Personal challenges


One of the most inspirational things I have ever experienced was revealed to me in the pages of “Amateur Photographer” magazine. A short news paragraph announced that New York Photographer Bill Wadman was undertaking a 365 days-in-a-year portrait project. I was mildly interested and so looked into and bookmarked his blog roundabout February. In no time I was a total addict and checking that day’s portrait became a drug-like obsession for me as the year of 2007 progressed. I consider the work Bill produced in that project some of the finest, most vibrant and energetic natural portraiture that it has ever been my pleasure to view.

I had a dabble with my own portrait project too, directly inspired by Bill’s project. Unlike Bill, I was not an accomplished photographer, but a new and learning one. Also unlike Bill at that time, I had a full time career very much not in photography! I decided to try a barely manageable twist on a portrait project; I decided to undertake 100 portraits in a year. The twist for my project was that my subjects would be in a self-selecting chain with only the first subject approached by and known to me. Each subject selected and arranged the next person for me! This was a challenge with my job as each person had to be photographed within three and a half days. My job had me driving all over Argyll and Bute and the associated islands, so this was often about a mad two or three hour dash back to the Glasgow area where most of my subjects seemed to be from. Winter, with light gone by the time my work was over was enormously frustrating. I started with very basic skills and I think I ended , via some terrible errors and misjudgements, as a decent portraitist. One of the proudest moments of my life was looking at well known photoblogger Gary Ayton’s pages about portraiture and seeing his example links of good natural portraiture as the PhotoGod, Bill Wadman, my favourite wedding photographer, Jessica Claire, and yours truly; I-nearly-died-of-chuffedness! (That is one of the few men who could depend on my kidney even though I have never met him). The sheer challenge of having to produce a genuine natural image that reflected the lovely people I met, every few days, when they had chosen the venue and the time of meeting. The vagaries of the light and the weather forced me, after the first few, to learn about light control in the field. Some basic equipment was purchased and rejected then re-bought and eventually I got some learning under my belt.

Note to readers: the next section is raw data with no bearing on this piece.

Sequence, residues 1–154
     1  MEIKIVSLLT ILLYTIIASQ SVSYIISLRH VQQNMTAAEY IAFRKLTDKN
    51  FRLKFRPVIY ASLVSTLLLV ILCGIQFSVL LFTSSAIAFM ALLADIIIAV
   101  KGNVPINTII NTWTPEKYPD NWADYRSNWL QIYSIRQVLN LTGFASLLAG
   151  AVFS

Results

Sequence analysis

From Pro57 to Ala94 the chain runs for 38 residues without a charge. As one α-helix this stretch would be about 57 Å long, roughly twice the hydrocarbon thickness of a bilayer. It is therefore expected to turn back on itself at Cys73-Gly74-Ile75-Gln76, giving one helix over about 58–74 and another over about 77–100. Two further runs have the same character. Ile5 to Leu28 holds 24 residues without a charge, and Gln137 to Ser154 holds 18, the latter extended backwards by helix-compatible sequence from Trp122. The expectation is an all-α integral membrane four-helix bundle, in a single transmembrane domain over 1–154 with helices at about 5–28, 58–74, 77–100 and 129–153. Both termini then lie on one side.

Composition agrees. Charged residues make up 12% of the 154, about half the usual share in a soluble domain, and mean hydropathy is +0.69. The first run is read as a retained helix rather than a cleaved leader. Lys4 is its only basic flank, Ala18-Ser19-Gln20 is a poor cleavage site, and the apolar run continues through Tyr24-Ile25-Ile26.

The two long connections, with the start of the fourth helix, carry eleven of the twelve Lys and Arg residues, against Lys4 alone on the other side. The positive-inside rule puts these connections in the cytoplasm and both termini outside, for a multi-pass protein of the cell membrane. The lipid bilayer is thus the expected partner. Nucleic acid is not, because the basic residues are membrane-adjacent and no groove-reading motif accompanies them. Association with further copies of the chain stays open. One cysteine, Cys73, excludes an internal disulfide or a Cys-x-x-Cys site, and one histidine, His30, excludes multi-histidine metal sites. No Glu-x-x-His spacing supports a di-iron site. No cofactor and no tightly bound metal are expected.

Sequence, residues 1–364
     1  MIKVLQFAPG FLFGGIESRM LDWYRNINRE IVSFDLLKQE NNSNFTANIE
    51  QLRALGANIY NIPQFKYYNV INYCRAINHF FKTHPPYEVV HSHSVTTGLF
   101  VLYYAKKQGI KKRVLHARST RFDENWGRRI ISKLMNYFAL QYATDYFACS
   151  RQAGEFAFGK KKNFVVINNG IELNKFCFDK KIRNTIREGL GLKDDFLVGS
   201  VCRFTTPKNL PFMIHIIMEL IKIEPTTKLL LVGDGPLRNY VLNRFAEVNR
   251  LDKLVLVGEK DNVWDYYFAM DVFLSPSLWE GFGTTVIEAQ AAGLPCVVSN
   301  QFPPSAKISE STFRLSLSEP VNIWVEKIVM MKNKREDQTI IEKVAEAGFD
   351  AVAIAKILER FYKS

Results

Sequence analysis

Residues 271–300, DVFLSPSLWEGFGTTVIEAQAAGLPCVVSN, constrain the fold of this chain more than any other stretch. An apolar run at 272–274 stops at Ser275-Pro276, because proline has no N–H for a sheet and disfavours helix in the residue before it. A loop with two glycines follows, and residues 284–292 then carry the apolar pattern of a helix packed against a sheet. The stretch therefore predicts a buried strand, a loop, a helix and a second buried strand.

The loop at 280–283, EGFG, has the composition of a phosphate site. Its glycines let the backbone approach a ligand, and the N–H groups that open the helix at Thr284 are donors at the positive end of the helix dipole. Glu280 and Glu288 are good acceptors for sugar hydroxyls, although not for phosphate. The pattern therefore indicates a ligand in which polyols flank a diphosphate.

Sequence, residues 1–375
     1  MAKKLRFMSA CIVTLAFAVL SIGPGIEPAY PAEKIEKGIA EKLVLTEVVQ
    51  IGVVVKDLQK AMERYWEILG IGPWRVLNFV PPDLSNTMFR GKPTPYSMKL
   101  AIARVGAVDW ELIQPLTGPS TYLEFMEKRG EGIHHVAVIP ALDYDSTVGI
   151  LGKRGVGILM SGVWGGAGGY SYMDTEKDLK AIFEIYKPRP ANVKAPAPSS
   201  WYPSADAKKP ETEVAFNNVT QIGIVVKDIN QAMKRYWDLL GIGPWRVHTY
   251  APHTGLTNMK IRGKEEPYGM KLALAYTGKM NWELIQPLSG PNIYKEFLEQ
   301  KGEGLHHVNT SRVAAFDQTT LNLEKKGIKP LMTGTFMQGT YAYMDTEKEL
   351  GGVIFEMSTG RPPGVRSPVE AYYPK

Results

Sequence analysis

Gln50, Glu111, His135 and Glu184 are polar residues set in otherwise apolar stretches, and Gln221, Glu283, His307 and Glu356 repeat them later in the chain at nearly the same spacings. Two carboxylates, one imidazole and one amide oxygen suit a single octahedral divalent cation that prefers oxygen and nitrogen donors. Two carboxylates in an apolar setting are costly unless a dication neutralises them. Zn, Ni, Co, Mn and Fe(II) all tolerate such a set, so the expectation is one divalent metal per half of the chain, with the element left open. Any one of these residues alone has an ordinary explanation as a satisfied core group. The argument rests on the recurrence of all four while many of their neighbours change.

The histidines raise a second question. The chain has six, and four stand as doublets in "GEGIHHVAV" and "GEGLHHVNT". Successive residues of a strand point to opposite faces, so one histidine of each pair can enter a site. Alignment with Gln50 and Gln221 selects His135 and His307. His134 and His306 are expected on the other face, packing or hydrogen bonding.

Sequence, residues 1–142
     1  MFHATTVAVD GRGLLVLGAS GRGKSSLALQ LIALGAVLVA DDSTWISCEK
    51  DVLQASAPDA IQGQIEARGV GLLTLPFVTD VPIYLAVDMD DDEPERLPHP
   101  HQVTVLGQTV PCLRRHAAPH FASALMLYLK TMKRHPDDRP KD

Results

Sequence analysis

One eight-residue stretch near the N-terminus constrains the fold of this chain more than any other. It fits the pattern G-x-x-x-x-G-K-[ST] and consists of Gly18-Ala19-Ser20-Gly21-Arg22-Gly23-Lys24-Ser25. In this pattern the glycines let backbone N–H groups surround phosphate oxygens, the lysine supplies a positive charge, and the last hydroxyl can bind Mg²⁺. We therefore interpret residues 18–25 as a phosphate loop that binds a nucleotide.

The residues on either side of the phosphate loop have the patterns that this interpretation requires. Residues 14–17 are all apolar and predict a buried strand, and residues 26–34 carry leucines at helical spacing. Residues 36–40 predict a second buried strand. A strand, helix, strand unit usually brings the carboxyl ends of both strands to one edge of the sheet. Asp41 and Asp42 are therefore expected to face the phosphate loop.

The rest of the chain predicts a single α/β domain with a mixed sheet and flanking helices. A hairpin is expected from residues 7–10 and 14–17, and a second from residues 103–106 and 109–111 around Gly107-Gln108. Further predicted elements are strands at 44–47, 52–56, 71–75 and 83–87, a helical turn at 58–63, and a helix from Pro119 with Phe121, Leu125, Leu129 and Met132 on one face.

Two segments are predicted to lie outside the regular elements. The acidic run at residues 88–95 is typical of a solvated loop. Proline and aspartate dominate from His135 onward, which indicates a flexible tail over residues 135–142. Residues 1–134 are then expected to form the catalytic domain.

If you asked me about my personal projects I would probably tell you about my 100-portraits project. On reflection though, as an amateur folk musician at one time I recorded 3 different “albums” of music at home using first a cassette “portastudio”, then later a computerised recording setup. This is probably 15 to 25 years ago, and some of the self penned songs, (and a few of the covers), literally make me cringe now; the truth is however that the best of my basic musical talent was captured by my three fun projects, “live from the spare room”, “Variorum”, and “Second Sight”. (Some if it has been deleted from memory and the internet as an act of kindness to humanity).